How to Deal With Unpatched Software Vulnerabilities Right Now

November 5, 2021
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4 min read

According to the 2021 X-Force Threat Intelligence Index, scanning for and exploiting vulnerabilities was the top infection vector of 2020. Up to one in three data breaches stemmed from unpatched software vulnerabilities. Take a look at this list of vulnerabilities or design flaws with no official Microsoft fix. In any case, one in three might be a low-ball estimate given the increase in unpatched vulnerability attacks. How do defenders stop them?

Attacks have become more diverse over time. For example, some Linux vulnerability attackers don’t want your trade secrets. Instead, they hijack computing resources for cryptomining, which can go on for months before detection. Meanwhile, threat actors can also set up web shells to install ransomware. By maintaining the shell, they can sell remote access to your web server.

The Cybersecurity and Infrastructure Security Agency (CISA) beats the drum about software vulnerabilities and exploits. CISA says, “Foreign cyber actors continue to exploit publicly known — and often dated — software vulnerabilities against broad target sets, including public and private sector organizations. Exploitation of these vulnerabilities often requires fewer resources as compared with zero-day exploits for which no patches are available.”

In other words, CISA is tired of having to deal with unpatched vulnerability breaches. Some say the lack of patching is due to laziness and neglect. Maybe it’s because security teams don’t have a solid patching plan. So let’s hatch a plan.

Prioritize the Risk

If you were to scan your systems for software vulnerabilities, you might discover hundreds of thousands of open doors. Merged with or acquired a company recently? You just multiplied your risk. For enterprises, the grand total of detected vulnerabilities can number in the millions.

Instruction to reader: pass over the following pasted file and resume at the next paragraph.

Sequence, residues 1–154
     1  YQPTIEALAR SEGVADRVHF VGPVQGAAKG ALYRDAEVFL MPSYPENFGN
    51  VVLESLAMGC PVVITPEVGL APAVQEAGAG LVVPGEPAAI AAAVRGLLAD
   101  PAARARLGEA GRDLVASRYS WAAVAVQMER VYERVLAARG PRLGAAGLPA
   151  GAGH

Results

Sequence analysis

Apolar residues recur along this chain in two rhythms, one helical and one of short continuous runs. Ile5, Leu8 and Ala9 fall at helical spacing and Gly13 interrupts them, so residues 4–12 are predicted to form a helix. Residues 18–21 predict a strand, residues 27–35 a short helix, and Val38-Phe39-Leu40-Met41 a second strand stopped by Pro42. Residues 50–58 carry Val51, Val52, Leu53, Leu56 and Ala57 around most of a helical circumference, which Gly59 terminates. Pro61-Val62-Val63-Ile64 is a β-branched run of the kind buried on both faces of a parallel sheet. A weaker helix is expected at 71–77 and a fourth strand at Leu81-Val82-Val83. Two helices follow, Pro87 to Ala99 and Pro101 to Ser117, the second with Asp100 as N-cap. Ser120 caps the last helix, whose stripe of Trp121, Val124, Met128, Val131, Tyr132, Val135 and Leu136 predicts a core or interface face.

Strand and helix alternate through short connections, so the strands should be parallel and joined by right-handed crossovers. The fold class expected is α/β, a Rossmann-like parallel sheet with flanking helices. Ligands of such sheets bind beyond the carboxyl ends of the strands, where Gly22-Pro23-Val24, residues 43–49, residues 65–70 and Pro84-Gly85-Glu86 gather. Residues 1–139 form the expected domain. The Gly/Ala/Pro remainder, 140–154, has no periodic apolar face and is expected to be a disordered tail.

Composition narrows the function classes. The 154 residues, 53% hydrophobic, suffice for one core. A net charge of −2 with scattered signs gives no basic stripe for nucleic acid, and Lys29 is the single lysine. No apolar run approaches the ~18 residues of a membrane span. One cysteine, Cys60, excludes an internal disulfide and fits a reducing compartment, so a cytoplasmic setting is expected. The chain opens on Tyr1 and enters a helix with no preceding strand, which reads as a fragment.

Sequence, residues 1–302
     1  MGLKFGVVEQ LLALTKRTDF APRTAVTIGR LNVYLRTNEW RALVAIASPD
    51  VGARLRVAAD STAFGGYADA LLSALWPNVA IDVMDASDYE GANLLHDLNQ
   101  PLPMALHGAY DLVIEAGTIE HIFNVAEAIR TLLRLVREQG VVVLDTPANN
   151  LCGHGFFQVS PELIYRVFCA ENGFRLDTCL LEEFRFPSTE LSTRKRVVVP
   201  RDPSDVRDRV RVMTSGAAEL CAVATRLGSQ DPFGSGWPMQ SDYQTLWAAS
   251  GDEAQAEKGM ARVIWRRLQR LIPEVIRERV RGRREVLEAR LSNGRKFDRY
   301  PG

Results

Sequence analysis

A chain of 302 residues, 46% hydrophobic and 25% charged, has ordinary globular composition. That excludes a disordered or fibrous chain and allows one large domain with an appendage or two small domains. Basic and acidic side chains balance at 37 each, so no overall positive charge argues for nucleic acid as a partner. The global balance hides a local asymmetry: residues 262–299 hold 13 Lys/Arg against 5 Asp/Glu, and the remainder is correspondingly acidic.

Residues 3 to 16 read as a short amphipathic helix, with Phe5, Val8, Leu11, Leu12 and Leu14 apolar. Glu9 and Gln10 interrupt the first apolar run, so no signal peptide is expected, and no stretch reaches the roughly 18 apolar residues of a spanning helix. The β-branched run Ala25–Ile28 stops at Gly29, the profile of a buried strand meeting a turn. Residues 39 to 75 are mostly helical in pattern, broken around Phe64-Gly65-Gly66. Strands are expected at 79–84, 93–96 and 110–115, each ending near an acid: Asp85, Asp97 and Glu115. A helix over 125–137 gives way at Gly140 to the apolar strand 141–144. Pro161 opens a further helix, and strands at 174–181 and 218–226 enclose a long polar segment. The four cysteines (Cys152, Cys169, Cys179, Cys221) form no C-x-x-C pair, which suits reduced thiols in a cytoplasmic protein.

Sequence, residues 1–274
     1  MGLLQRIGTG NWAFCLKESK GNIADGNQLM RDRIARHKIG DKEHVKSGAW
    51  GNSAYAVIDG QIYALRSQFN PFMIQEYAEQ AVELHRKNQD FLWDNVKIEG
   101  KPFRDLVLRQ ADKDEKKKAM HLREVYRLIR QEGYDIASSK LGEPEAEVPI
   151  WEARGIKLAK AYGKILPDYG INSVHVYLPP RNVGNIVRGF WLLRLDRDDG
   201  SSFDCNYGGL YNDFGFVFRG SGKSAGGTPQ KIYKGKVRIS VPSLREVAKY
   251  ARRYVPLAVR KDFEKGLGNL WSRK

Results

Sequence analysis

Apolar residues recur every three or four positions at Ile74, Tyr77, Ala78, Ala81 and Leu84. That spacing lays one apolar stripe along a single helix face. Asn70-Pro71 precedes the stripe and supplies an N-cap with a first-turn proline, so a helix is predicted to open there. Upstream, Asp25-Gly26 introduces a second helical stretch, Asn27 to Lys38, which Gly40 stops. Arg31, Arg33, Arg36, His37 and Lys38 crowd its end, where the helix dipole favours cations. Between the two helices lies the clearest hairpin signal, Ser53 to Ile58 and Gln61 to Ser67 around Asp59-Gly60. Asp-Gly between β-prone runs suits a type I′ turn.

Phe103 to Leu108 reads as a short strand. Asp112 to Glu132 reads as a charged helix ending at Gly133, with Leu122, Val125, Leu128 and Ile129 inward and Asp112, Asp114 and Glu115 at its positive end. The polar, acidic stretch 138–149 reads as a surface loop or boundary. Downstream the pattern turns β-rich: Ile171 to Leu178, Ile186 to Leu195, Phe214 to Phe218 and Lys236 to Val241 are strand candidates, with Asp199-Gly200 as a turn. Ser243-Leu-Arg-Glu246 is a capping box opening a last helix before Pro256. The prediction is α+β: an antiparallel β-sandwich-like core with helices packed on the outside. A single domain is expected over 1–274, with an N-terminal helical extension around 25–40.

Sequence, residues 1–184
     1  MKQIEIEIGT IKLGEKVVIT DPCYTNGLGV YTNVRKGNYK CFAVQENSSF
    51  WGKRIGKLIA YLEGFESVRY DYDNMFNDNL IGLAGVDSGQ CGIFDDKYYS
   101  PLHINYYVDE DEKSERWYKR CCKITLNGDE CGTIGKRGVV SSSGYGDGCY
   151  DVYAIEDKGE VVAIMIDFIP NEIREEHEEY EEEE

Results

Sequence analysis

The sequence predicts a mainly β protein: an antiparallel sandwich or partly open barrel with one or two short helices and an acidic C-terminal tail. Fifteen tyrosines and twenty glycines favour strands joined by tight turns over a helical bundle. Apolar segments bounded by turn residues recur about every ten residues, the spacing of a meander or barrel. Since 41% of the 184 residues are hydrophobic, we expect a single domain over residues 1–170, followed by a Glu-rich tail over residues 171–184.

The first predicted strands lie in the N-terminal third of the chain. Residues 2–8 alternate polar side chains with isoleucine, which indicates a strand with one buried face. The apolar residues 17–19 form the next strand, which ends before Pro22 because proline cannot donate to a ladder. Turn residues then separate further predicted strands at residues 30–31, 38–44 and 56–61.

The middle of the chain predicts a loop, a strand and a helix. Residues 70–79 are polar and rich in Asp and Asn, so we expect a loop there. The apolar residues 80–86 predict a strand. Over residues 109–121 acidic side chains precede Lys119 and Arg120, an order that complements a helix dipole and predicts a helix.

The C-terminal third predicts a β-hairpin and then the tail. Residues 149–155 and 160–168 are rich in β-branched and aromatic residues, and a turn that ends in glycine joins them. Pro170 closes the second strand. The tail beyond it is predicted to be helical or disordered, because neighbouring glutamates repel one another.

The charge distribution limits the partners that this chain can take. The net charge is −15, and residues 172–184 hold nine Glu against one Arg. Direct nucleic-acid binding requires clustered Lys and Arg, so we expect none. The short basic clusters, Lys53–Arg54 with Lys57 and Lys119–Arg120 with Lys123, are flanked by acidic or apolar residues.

Of course, you can’t patch everything at once. Instead, proper triage is essential. For example, what types of vulnerabilities are nearest to mission-critical systems?

Another factor: you can’t handle this without qualified patchers. Plus, how do you know if a detected vulnerability isn’t a false positive?

Common Software Vulnerabilities and Exposures

Why not target the CISA Top 10 Routinely Exploited Vulnerabilities? While it’s important to be aware of the CVE list, your high-value assets may be exposed to uncommon risk. Also, CISA’s Common Vulnerability Scoring System doesn’t consider weaponized software vulnerabilities , that is, the ones being actively exploited. You need to consider both asset value and weaponization to triage patches.

To minimize false positives, it’s important to use attack correlation, intelligence sources and a risk-based approach. This is not a simple task, and few companies have the right in-house resources. For this reason, some may choose to hire an expert team.

So Little Time, So Many Software Vulnerabilities

For vulnerability patching, the emergency room triage example serves us well. When the ER is full, doctors must decide which patients are critical. Later in the day, the ER may be nearly empty, so the doctor can address less urgent cases. Vulnerability assessment and remediation are similar. And just like the ER never closes, a company needs to audit, monitor and test their software vulnerability profile often.

Remember, your teams might add applications at any moment. So, maintain an up-to-date network inventory and schedule vulnerability scanning. Automated software vulnerability management programs can be a great help here.